Description: The Senior Advocacy Advisor for State Affairs will organize and execute activities that will deepen UJA-Federation’s relationships with government and community leaders, enhance the government resources available to UJA-Federation beneficiary agencies, and be UJA-Federation’s primary lobbyist in Albany. As appropriate, the Senior Advisor will work with lay representatives and senior professionals of the Financial Resources Division and the Department of Government and External Relations to develop appropriate public affairs programming and advocate efforts that enhance the ability of UJA-Federation agencies to serve the poor and vulnerable. This position will require significant travel to and time in Albany during the legislative session.

Further Info: To apply, please send resume and cover letter to:


Labor Relations Specialists – Long Island/Hudson Valley Region, CSEA

Salary: $54,587 w/ excellent benefits/career ladder

Description: Hudson Valley and Long Island Regions of New York State CSEA, New York's leading union, is seeking resumes for Labor Relations Specialists serving the Long Island areas of Nassau and Suffolk counties and the Hudson Valley areas of Ulster, Westchester, Sullivan, Orange, Rockland, Dutchess and Putnam counties. Requires knowledge of labor relations, ability to negotiate/administer contracts, resolve employer/employee conflicts. Operate independently & schedule workload. Drivers license/car for business use.

Further Info: To view the full job description and apply, please visit:


Executive Director, AfterSchool Works! NY: the New York State Afterschool Network

Description: ASW:NYSAN seeks a dynamic leader committed to educational equity, youth development and advancing opportunity for New York’s youth.  The Executive Director will help shape and implement strategies that strengthen the capacity and commitment of the state, communities, programs, and professionals to increasing access to high-quality programs beyond the traditional classroom.

To view the full listing:



HAPPY BIRTHDAY: To Eric Wollman, a member of the New York County Lawyers Association election law committee … to New York City Councilwoman Margaret Chin … and to Sean Crowley, a partner in the government relations practice at Davidoff Hutcher & Citron.


IN MEMORIAM: John Murphy, a former congressman who represented Staten Island for 18 years, has died.



Join the New Museum’s IDEAS CITY Festival, exploring questions of transparency and surveillance, expression and suppression, participation and dissent, and the enduring quest for visibility in the city. The conference features a Mayoral Panel and an address by The Honorable Julián Castro, Secretary of the U.S. Department of Housing and Urban Development, who will be introduced by NYC Council Speaker Melissa Mark-Viverito. The keynote is at 10 a.m. on Friday, May 29, at the Great Hall at the Cooper Union. FREE with RSVP.




Gov. Andrew Cuomo is in the New York City area, New York City and Albany with no public schedule.

10 a.m. - The New York City Council Committee on Sanitation and Solid Waste Management, and the Committee on Finance hold an executive budget hearing, Council Chambers, City Hall, Manhattan.

10 a.m. - The Brian Lehrer Show features Daily News Albany Bureau Chief Ken Lovett and NYCHA General Manager Michael Kelly, WNYC.

11 a.m. - New York City Mayor Bill de Blasio is joined by Schools Chancellor Carmen Farina to make an announcement, The Michael J. Petrides School Library, 715 Ocean Terrace, First Floor, Building B, Staten Island.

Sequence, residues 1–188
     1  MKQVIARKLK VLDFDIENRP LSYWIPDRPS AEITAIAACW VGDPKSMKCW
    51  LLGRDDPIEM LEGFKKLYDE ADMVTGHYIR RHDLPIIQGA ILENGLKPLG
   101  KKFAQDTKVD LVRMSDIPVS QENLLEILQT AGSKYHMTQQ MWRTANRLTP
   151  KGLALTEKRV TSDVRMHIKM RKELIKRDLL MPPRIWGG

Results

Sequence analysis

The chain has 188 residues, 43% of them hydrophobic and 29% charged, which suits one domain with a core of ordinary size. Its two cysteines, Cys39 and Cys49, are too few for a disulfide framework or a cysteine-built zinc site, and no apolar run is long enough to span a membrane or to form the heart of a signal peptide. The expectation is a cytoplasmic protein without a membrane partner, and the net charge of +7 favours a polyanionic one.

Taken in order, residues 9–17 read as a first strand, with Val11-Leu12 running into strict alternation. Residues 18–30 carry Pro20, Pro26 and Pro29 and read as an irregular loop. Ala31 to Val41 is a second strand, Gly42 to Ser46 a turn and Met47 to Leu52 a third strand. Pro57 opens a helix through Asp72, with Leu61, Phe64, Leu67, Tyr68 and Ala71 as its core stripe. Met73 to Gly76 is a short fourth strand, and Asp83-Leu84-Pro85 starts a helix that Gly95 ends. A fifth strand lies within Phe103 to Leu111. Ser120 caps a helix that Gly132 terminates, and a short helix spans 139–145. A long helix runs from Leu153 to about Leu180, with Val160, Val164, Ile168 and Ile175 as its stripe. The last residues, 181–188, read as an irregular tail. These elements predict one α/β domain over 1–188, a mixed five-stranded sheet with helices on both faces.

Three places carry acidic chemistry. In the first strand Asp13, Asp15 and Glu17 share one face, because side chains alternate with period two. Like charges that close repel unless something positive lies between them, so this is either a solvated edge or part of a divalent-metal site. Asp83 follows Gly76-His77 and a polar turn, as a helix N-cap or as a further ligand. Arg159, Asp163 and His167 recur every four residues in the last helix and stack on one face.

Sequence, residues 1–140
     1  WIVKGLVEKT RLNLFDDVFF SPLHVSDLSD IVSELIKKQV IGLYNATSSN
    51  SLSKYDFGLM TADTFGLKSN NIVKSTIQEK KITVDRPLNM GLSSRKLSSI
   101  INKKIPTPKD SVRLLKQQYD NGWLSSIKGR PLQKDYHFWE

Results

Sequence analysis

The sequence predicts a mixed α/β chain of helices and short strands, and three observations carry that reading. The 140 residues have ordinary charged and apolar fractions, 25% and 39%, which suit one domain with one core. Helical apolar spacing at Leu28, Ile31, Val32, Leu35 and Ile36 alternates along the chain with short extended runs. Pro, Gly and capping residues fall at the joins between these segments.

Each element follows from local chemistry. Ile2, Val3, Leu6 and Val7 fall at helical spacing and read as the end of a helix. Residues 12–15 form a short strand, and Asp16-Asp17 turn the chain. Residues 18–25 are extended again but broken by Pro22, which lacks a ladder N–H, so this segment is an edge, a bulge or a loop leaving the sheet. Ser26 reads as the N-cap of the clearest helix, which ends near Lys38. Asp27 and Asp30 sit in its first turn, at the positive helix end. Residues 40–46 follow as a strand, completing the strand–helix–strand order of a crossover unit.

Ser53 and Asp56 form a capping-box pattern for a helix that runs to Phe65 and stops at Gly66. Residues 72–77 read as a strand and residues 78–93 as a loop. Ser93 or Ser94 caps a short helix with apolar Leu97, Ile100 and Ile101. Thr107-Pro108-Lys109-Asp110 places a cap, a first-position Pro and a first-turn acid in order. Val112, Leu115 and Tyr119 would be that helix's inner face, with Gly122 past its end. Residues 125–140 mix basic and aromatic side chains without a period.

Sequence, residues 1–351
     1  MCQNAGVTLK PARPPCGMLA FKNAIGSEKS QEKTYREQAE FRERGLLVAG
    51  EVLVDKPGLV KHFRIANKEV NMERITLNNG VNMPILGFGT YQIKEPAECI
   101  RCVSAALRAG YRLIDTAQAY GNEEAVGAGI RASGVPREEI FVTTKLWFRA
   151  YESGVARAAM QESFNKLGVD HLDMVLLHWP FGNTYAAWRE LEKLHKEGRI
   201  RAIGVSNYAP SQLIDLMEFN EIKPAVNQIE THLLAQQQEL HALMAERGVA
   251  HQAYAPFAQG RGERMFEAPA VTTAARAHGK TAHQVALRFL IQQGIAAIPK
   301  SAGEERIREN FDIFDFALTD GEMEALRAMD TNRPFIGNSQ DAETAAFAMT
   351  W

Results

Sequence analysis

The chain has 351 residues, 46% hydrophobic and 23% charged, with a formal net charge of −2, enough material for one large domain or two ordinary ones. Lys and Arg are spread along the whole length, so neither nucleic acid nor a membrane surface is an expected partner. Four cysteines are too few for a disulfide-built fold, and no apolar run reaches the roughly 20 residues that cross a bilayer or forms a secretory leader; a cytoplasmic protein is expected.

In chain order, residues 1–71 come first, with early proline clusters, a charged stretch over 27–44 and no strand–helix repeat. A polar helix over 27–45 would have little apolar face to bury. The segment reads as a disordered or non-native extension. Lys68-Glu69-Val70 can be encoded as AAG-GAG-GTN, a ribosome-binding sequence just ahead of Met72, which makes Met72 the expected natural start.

11 a.m. - The New York City Council Committee on Education meets, 250 Broadway, 16th Floor Committee Room, Manhattan.

11 a.m. - New York City First Lady Chirlane McCray holds a live Facebook Q&A,   

11 a.m. - Lt. Gov. Kathy Hochul joins Broome County Executive Debbie Preston and local officials to tour small businesses in downtown Binghamton, Floyd L. Maines Veterans Memorial Arena, 1 Stuart St., Binghamton.

11 a.m. - The Capitol Pressroom features Siena Poll's Steve Greenberg, state Sen. Brad Hoylman and AARP New York's Legislative Representative Bill Ferris, WCNY.

12 p.m. - New York Councilman Brad Lander, Manhattan Borough President Gale Brewer and community stakeholders hold a rally to raise the headcount and conditions for school crossing guards, City Hall steps, Manhattan.

12 p.m. - The New York City Council Committee on Health meets on health services in city correctional facilities, 250 Broadway, 14th Floor Committee Room, Manhattan.

12 p.m. - The New York City Council Committee on Court and Legal Services meets on an office of civil justice, Committee Room, City Hall, Manhattan.

12 p.m. - The New York City Council Committee on Parks and Recreation holds executive budget hearing, Council Chambers, City Hall, Manhattan.

1 p.m. - The New York City Council Committee on Transportation meets, Committee Room, City Hall, Manhattan.

1:30 p.m. - The New York City Council Committee on Environmental Protection holds executive budget hearing, Council Chambers, City Hall, Manhattan.

1:30 p.m. - UFT President Michael Mulgrew is joined by elected officials and parent representatives to urge the state Legislature to retain the current cap on charter schools, outside DOE headquarters, Tweed Courthouse, 52 Chambers St., Manhattan.

2 p.m. - New York City Public Advocate Letitia James stands with elected officials, advocates, daycare providers, parents and children to call on the Administration for Children’s Services to save day care centers, City Hall steps, Manhattan.

6 p.m. - Brooklyn Borough President Eric Adams inducts the new class of members for Brooklyn's eighteen community boards, Brooklyn Borough Hall, 209 Joralemon St., Brooklyn.

6:30 p.m. - Brewer speaks on "Preserving the Fabric of Our Neighborhoods" panel at the Museum of the City of New York, 1220 Fifth Ave., Manhattan.



The United Spinal Association, Taxis for All Campaign, Disabled in Action of Metropolitan NY, and the 504 Democratic Club invite you to attend a legislative breakfast on Wednesday May 27th to discuss the need for a safe, 100% wheelchair accessible fleet of taxis and liveries throughout New York City. May 27th10 - 11:30am, City Hall Restaurant, 131 Duane Street. RSVP to:



KICKER: “Ultimately, the mayor is causing the arrest of bus operators and he cannot for a second lay any claim that this was the intention of Vision Zero. He’s completely lost touch.” – John Samuelsen, head of the transit union, via the Daily News.